He's actually surprisingly chirpy, even though we are meeting to discuss the most morbid of subjects, death.
He talks freely about the topic of his latest book, The Welcome Visitor, co written with his doctor, Sarah Jarvis. The book was inspired by the lingering, undignified death of Humphrys' father, who simply didn't want to carry on living after his wife died in 1990.
Humphrys senior turned to drink, downing at least a bottle of whisky a day. He eventually collapsed but was brought back from the brink by doctors and, in his final years, underwent a personality change as dementia set in.
Humphrys' father became vindictive and vicious towards his loved ones and spent his last days in a mental institution for the elderly in Cardiff, growing weaker and longing for death. Eventually he stopped eating and drinking - and nature took its course. He was 91 and had outlived his wife by 13 years, if you can call that 'living'.
"It was ghastly," Humphrys recalls.
"It was hideous for him and for everybody involved with him. It can destroy your relationship with somebody you've loved your whole life. You didn't want to see him because you knew how unpleasant it would be. He wasn't the person that we knew."
Afterwards, Humphrys wrote a column about his father's death and received more than 1,000 letters in response.
"There's a huge number of people who are suffering in this country alone. There are about 800,000 people with dementia, that would mean by the time you allowed for all their loved ones you're probably talking about two to three million people who don't know what to do or how to sort their thoughts out on it all."
The main point of the book, he says, is to allow people to control their death as they have their life. He argues strongly for the legalisation of assisted suicide.
"My point is that if something ghastly does happen to you then you should have the ability to put an end to your life in conditions that are acceptable. You shouldn't have to traipse off to bloody Switzerland to do it."
Last year, Humphrys' younger brother Rob died from lung cancer in his 50s, just seven weeks after being diagnosed. Humphrys still feels guilty about the whole episode.
"The reason that I feel guilty, as everybody does in this situation, is that I wanted to be able to say, 'If it gets unbearable or you decide you want to put an end to it, then we will be able to do that', but we couldn't'."
Humphrys insists it shouldn't have to be that way. He says his late ex-wife, Edna, a former nurse, had a much better death, although she was only in her early 50s and suffered pancreatic cancer.
"She was able to control the pain. My daughter gave up her job to care for her and in the last few months of her life she got a lot done. She wanted to put things in order and she did all that and was under the control of an absolutely first-rate hospice and was getting regular visits from the Macmillan nurses.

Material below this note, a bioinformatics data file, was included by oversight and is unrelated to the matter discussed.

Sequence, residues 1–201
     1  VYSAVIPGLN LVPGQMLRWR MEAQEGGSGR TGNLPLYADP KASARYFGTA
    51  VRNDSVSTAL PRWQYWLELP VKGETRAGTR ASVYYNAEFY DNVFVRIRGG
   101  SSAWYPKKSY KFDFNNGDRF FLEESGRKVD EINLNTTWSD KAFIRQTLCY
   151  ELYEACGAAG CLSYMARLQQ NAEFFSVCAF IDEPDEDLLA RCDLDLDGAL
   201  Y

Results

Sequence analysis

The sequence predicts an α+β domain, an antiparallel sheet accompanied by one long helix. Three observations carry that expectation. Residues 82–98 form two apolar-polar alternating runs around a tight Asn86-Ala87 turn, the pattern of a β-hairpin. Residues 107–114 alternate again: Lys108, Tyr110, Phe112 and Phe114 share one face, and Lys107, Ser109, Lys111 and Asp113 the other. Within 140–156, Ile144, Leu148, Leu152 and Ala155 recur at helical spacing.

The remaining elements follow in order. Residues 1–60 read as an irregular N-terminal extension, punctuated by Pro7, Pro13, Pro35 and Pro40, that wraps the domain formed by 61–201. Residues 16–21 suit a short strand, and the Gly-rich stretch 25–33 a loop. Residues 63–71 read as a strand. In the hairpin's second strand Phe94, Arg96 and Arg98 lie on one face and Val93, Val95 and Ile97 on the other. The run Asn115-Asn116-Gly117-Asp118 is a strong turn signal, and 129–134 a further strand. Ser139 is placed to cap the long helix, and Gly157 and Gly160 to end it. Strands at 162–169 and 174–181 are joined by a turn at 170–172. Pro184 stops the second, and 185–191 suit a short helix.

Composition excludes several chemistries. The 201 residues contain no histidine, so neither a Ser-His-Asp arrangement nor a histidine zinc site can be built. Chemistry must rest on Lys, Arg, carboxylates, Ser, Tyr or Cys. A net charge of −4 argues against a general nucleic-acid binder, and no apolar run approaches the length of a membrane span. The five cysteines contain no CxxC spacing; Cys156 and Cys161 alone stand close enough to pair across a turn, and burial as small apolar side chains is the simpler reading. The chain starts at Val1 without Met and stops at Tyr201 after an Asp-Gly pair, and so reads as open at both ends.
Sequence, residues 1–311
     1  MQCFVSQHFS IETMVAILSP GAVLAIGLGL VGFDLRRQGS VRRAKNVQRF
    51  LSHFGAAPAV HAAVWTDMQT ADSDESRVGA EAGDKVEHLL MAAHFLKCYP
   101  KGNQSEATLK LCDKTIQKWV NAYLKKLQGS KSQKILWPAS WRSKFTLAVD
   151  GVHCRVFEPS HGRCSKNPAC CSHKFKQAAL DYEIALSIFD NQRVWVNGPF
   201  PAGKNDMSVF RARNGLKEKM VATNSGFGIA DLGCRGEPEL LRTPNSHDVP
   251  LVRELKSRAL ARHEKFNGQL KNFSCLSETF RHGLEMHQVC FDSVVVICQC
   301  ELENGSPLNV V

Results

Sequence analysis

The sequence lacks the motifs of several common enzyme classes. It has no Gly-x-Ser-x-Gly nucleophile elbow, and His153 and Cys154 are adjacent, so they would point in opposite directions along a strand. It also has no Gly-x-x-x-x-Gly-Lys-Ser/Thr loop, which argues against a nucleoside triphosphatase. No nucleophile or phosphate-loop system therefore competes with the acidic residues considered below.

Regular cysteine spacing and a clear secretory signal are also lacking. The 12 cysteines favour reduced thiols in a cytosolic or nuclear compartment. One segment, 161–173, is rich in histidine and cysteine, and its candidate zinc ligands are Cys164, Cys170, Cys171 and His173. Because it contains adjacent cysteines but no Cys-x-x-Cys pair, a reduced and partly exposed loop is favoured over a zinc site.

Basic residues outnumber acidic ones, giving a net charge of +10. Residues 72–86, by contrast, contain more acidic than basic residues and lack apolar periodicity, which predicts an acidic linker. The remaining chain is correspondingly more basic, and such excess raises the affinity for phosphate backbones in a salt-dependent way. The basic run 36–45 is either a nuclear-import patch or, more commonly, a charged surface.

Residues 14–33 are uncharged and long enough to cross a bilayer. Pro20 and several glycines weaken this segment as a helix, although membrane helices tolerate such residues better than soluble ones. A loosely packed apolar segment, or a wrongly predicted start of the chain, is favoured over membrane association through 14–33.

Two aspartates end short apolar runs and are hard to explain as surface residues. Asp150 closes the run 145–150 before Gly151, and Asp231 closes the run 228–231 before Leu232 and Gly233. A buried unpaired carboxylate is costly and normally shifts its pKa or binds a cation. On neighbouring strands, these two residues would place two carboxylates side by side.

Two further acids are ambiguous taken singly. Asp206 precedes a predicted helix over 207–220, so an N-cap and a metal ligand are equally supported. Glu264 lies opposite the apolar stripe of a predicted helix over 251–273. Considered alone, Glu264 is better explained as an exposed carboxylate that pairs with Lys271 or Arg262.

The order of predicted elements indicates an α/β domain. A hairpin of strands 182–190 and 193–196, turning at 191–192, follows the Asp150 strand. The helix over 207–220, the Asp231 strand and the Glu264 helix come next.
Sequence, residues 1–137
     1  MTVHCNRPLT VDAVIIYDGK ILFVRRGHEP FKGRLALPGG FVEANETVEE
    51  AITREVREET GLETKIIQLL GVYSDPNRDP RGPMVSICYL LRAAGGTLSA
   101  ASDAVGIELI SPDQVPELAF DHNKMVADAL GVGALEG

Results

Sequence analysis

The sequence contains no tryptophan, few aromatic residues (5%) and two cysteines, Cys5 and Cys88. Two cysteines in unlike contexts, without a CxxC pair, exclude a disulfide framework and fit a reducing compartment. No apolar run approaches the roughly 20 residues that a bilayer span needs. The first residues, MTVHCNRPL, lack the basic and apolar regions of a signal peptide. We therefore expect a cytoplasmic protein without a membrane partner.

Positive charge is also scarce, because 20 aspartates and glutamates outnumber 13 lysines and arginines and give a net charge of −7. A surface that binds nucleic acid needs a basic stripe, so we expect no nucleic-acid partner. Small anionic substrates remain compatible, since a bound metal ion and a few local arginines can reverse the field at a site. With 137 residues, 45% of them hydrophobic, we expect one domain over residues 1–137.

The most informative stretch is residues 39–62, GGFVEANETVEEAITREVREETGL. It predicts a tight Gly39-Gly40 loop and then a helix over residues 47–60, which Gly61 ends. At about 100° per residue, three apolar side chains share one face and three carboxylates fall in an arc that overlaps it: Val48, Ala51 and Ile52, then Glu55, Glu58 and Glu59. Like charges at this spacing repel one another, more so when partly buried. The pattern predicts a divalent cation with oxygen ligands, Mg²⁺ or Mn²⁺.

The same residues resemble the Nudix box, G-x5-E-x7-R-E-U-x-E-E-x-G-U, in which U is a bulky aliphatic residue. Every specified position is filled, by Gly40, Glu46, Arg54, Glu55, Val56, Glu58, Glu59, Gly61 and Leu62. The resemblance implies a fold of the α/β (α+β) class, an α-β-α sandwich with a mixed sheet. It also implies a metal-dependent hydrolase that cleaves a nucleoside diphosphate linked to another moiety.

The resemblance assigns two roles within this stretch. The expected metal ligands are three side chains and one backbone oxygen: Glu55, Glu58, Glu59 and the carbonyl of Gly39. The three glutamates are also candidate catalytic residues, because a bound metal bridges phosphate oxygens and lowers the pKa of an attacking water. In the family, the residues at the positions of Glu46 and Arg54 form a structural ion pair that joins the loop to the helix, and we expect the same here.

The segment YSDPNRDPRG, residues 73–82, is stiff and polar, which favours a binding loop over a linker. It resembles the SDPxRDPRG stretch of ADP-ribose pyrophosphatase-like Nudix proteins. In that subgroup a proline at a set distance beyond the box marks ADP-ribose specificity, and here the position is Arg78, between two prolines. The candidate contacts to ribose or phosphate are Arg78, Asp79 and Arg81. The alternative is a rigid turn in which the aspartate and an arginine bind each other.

"When the end was very close, they gave her as much morphine as she needed and she died without having been in really dreadful pain."
Humphrys grew up in Cardiff, the son of a French polisher. He left school at 15 to work on the Penarth Times and then The Western Mail before joining the BBC.
For 10 years, he owned an organic dairy farm in Wales, an experience that drove him to comment that "taking on a Cabinet minister is nothing to handling three tons of kicking cow".
Despite the morbid talk, he doesn't brood endlessly about his own mortality. At 65, he is wearing well, but then late fatherhood - he has an eight-year-old son, Owen, with his former partner Valerie Sanderson - is keeping him fit.
"It knackers you and also keeps you young. I kick a football around with him, or he comes running with me or he cycles while I run and all that kind of thing.
"I feel about 20 except when I look in the mirror. But would I have plastic surgery? You've got to be joking!"
All those early mornings on the Today programme don't seem to have caught up with him yet and he admits that he has very little free time.
"I've always kept busy. I don't really know any other way of living," he says.
"I will probably go on till I drop. I get up at two minutes to four, which means I can be in the office by 16 minutes past four and I go to bed early, at nine o'clock.
"I hate gyms, but I jog around the park and wherever I have to be I go for a little run in the mornings and some evenings. I eat sensibly, I don't drink much and I gave up smoking years ago - I'm a right little goody two-shoes."
He has a place in Greece where he goes to recharge his batteries and another in Wales, but London remains his permanent base.
During his 22 years in the hot seat of the Today programme, he has grilled the best - and the worst - of politicians. Yet he says he has a good deal of respect for most of them.
"I don't know that I've ever interviewed a crooked politician - well, I can think of one from about 30 years ago - but like any section of the population, some are more strict with their moral approach than others. By and large most of them do a decent job."
Humphries doesn't consider himself an aggressive interviewer although he agrees his style has changed over the years.
"I consider myself to be a persistent interviewer and if I don't get an answer to a reasonable question I persist. I probably have a sense of humour that I didn't have when I was starting out and wanted to show that I was a tough guy when I was the new boy on the programme."
He rarely gets nervous before an interview, yet always feels he could have done better afterwards.
"I am hard on myself all the time. I don't think I've ever done an interview where I've said, 'Ah yes, that was exactly how I wanted it to go'.
"There are always things wrong and you always wish you could do the interview again - well I do, anyway."
The Welcome Visitor by John Humphrys with Dr Sarah Jarvis is published by Hodder & Stoughton, priced £16.99. Available now.